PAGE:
Encouraged by the favorable reception, Steers continued to write articles and speeches about the case. In a subsequent book, Lincoln Legends (2007), he devoted a full chapter to the man he had grown accustomed to calling “the deceptive doctor.” Though this book provided source notes, they often referred the reader back to Steers’s own earlier work, which was not annotated.
By and large, the public has found the Steers version of the Mudd case convincing. But like those of his counterparts on the other side, his appeal is more emotional than reasonable. He put far too much emphasis on the trial testimony. Normally, this would seem a safe bet to guarantee accuracy. But the Lincoln conspiracy trial was no ordinary proceeding, and the record it produced is extraordinarily unreliable. A survey of the War Department’s own records (such as those of the Army’s Continental Commands, which show the day-to-day movements of troops and detectives) would show that some of their own witnesses were swearing falsely on the stand. The Mudds have long maintained that this was the case, but as yet, no writer or historian has undertaken a detailed study to prove or disprove the point. If the aim is to determine whether Dr. Mudd was falsely accused, it seems to me that a close scrutiny of all the records is absolutely necessary.
Had he delved a little deeper, Hal Higdon might have noticed that a pivotal claim against Mudd--that he had falsely denied seeing Booth after their initial meeting in Maryland the year before--actually originated with a prosecution witness, and not with the doctor himself. Clearly, Mudd had seen Booth on at least two more occasions, and at the earliest opportunity he spoke freely about those incidents. But that would come later. By the prevailing laws of the day only government witnesses could testify on the matter, and it was this, more than anything else, that tipped the balance against Mudd in that sweltering courtroom. It is ironic that modern historians put their faith in the testimony produced and influenced by such an archaic rule. Mudd eventually issued a heated challenge to that testimony, but by that time he was in prison, and his words were not widely read.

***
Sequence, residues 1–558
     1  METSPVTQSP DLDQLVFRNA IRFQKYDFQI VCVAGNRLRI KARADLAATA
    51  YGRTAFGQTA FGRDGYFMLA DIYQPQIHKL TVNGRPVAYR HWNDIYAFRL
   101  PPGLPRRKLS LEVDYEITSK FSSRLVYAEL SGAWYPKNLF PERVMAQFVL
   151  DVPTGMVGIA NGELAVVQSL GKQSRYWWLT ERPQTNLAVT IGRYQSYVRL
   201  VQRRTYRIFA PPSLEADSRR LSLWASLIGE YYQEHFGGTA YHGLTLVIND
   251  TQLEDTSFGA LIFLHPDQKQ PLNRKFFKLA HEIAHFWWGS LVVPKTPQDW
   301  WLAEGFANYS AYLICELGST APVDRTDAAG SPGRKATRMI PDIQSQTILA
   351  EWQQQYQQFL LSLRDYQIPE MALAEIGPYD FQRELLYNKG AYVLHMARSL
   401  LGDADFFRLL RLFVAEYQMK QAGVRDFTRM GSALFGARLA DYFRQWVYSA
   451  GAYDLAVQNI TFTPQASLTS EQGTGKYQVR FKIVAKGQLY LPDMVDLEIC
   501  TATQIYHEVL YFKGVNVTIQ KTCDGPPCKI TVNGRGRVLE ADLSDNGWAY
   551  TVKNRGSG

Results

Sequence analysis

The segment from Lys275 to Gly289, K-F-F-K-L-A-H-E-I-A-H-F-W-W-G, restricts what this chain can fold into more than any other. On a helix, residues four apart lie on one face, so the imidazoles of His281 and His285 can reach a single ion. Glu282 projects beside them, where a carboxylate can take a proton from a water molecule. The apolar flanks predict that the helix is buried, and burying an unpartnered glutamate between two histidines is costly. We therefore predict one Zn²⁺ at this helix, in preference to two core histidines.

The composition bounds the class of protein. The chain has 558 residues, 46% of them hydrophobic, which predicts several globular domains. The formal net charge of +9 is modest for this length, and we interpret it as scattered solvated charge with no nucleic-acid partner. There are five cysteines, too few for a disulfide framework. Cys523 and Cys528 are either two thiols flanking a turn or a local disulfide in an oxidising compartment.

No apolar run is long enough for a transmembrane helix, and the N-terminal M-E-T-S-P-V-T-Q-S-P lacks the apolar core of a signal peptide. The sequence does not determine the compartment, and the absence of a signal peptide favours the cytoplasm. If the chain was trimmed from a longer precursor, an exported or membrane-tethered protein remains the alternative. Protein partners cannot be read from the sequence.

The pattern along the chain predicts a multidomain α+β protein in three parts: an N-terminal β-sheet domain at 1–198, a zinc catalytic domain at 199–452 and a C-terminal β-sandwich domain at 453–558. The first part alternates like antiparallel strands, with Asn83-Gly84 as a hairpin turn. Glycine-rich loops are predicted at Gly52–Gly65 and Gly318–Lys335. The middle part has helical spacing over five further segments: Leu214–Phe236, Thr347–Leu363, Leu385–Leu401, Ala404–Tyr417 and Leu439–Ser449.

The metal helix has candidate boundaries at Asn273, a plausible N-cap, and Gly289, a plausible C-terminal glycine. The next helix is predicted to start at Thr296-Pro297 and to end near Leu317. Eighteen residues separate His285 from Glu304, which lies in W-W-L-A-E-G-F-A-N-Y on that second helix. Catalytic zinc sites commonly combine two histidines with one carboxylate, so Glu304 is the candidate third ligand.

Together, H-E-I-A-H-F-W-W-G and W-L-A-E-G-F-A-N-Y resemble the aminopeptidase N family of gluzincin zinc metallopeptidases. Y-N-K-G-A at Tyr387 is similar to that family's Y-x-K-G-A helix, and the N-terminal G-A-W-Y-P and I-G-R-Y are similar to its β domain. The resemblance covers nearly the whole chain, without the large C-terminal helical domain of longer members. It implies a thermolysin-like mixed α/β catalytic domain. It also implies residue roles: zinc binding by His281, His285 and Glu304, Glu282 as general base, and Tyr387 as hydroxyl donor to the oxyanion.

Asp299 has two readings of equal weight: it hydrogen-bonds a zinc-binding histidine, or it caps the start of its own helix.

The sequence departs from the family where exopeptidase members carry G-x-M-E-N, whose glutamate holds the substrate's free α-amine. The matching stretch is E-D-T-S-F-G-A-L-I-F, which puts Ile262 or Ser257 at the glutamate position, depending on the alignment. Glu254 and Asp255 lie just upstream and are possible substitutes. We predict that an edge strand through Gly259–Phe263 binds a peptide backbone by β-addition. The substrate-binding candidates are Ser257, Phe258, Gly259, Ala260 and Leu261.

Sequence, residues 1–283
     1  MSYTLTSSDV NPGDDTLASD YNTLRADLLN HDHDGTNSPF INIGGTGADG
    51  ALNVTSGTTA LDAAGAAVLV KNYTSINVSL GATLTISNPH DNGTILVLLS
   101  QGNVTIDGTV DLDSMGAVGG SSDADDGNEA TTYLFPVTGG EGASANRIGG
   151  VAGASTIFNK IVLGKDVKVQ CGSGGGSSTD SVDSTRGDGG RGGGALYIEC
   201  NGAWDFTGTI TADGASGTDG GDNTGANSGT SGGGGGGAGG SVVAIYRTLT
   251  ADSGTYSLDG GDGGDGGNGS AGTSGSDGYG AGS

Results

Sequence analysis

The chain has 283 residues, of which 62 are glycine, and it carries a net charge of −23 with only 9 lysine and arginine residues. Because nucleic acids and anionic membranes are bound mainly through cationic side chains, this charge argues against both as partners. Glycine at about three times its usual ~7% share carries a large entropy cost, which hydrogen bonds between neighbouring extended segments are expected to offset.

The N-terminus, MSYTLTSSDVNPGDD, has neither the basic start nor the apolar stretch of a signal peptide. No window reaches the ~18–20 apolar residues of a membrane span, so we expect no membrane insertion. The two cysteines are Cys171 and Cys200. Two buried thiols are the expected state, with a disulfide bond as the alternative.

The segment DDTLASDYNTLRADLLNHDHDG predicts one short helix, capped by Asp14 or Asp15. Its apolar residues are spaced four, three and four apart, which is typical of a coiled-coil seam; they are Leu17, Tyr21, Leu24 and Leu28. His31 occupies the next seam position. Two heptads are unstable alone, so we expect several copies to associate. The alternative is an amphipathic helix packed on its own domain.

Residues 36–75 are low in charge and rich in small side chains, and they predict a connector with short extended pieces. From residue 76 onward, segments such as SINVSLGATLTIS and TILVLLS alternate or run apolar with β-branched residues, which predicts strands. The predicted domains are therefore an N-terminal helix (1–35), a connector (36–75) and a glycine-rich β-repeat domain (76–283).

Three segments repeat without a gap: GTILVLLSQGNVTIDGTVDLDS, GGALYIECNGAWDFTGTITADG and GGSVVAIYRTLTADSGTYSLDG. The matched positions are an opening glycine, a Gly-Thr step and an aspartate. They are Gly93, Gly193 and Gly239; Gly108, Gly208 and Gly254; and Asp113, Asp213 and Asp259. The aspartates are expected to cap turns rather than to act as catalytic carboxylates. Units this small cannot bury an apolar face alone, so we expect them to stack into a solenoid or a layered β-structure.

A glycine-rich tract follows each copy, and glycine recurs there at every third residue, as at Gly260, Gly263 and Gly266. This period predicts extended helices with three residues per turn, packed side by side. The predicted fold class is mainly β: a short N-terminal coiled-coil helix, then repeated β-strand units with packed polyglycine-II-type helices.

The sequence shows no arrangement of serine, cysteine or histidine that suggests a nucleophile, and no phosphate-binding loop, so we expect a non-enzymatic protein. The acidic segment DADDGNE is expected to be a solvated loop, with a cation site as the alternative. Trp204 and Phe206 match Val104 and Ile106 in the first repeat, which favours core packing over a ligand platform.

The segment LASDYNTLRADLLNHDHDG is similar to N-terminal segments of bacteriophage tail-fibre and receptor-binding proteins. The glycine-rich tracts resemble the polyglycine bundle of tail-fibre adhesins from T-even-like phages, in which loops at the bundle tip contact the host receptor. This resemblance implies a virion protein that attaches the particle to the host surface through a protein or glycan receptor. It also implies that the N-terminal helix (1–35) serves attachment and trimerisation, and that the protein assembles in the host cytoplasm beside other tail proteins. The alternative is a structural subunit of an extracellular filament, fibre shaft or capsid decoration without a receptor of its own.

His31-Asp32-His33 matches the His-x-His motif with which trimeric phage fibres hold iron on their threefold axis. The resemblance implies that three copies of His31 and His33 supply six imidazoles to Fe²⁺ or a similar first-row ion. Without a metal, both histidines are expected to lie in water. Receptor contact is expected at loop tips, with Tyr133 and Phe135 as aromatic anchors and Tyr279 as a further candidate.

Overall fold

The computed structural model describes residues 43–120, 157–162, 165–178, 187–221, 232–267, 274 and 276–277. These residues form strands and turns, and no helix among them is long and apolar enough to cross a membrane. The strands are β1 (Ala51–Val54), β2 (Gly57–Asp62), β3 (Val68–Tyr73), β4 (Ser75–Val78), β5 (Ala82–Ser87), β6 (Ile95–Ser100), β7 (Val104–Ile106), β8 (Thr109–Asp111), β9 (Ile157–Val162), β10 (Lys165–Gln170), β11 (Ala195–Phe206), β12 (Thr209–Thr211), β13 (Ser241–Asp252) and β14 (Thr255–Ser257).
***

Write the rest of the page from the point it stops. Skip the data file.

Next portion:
With arguments raging on all sides, Robert K. Summers stepped quietly into the fray with the publication of The Fall and Redemption of Dr. Samuel A. Mudd (2007), followed by two book-length monographs: Dr. Samuel A. Mudd at Fort Jefferson (2008) and The Slaves of Dr. Samuel A. Mudd (2008). Summers, a great-grandson of Dr. Mudd, is less preoccupied with exonerating his famous ancestor than with building on the historical record. His archival research has turned up surprising new information on Mudd--not all of it flattering--and he shares it without hesitation. He is a firm believer in the doctor’s innocence, but he is also a scholar, and aims to make his points in a calm and professional manner.
A missed court deadline eventually ended the Mudd family’s legal battle, and their opponents have steadily gained strength in subsequent years. It is in this light that Hal Higdon resurrected his 1964 book. His “Final Word” briefly summarizes the events of recent years and the current trend of thought on the case. He allows that perhaps Dr. Mudd “was guiltier than as currently portrayed” (p. 223). Nevertheless, his first impression still stands: the doctor “was no simple martyr,” but “was guilty only of being an accessory after the fact” (p. 210).
To his credit, Higdon did not merely regurgitate his earlier work in order to supplement his income. He looked at the case again and decided that his opinion had not changed much in the intervening years. He remains convinced that the trial was indeed one-sided, the testimony was tainted, and the circumstances of Mudd’s incarceration are a blot on our history. It is a lesson tailored to more recent times, as military commission trials are being revived in the wake of the 2001 terrorist attacks.
These trials may indeed be unfair, the treatment of prisoners may be brutal, and Americans perhaps ought to insist on remaining above such things. But those questions are quite separate from the issue of an individual’s guilt or innocence. Writers have argued about Dr. Mudd for more than a century, but until they look more closely at the laws and evidence that were brought to bear against him, they will continue to generate more heat than light. In The Union vs. Dr. Mudd, Hal Higdon took a small step in the right direction, and for that he is to be commended.
If there is additional discussion of this review, you may access it through the network, at: https://networks.h-net.org/h-civwar.
Michael W. Kauffman. Review of Higdon, Hal, The Union vs. Dr. Mudd.
H-CivWar, H-Net Reviews.